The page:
Abstract: Behavioral Health at Historically Black Colleges and Universities: A Scoping Review (Society for Social Work and Research 25th Annual Conference - Social Work Science for Social Change)

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Behavioral Health at Historically Black Colleges and Universities: A Scoping Review

Thursday, January 21, 2021
* noted as presenting author
Autumn Asher BlackDeer, MSW, Doctoral Student, Washington University in Saint Louis, MO
Sara Beeler-Stinn, LCSW, MPA, PhD Student, Washington University in Saint Louis, St. Louis, MO
David Patterson Silver Wolf, PhD, Associate Professor, Washington University in Saint Louis, St Louis, MO
Jen Van Schuyver, MSW, Research Assistant, Washington University in St. Louis
Background: Nearly one-fourth of all undergraduate degrees received by Black students are from a historically Black college or university (HBCU). Further, HBCUs exceed the national average for Black graduating students at any higher education institution and may hold unique keys to student success, behavioral health prevention, and student wellbeing. Historic surveys of substance use among college students are collectively limited as they consist of predominately white American students, despite the fact that there is sufficient evidence demonstrating how patterns of substance and alcohol use differ by race and ethnicity. Overlooking unique collegiate environments, such as HBCUs, possible differences in substance use patterns by young adults from historically underrepresented backgrounds may go undetected. This work seeks to examine present understanding of behavioral health practices and overall state of research at HBCUs.

Methods: We conducted a scoping review in order to gauge the existing body of literature in order to identify and map available evidence. Research criteria were developed and set to capture published, peer-review literature in the Ebsco database. Preliminary search criteria yielded a total of 252 articles published in peer-reviewed journals within the last 10 years, excluding dissertations and grey literature. The vast majority of the articles were excluded from the study based upon search criteria. As a result, 45 articles remained that met inclusion criteria. Note: all criteria and methods will be made available if accepted.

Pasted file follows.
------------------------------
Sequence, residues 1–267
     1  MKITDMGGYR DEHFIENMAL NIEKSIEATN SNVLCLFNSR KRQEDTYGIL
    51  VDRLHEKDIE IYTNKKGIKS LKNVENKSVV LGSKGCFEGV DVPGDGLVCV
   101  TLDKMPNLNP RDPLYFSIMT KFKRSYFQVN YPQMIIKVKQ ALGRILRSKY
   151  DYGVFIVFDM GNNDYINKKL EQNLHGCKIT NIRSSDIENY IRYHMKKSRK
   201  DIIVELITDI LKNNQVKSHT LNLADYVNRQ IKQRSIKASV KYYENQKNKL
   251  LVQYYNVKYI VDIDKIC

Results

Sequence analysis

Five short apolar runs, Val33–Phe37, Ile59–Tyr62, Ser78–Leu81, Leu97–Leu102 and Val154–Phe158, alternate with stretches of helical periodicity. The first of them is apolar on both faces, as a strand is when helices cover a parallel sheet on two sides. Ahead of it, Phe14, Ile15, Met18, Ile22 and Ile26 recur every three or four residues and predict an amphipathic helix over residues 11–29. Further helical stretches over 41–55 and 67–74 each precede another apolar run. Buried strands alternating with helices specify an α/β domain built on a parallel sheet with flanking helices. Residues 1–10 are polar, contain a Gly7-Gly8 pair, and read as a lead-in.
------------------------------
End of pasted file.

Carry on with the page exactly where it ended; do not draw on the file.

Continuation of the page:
Results: Forty-five articles met the inclusion criteria related to behavioral health at HBCUs. The majority were cross-sectional, in class surveys with very few using longitudinal or experimental designs. Overall, it appears that HIV/AIDS risk and risky sexual behaviors are an emerging trending area within behavioral health research among HBCUs. Moreover, experiences of violence, intimate partner violence, and sexual assault have been investigated in their relationship to mental health and substance use among HBCUs. Other studies explored psychological wellbeing (stress, distress, dysregulation) and physical wellbeing. Finally, racial identity, political ideology, and discrimination experiences unique to Black students attending HBCUs were examined in relation to mental health and substance use.

Conclusion: Our scoping review revealed a fragmented research base measuring behavioral health among HBCU systems. No studies explored general prevalence or national studies representative of HBCUs. Further, few studies examined reductions in mental health outcomes or drug and alcohol use, most of these works measured general determinants and broad assessments of stress. In order to adequately address the behavioral health needs of Black students attending HBCUs, future work should seek to fill these gaps and further the development of scientific literature from HBCU systems.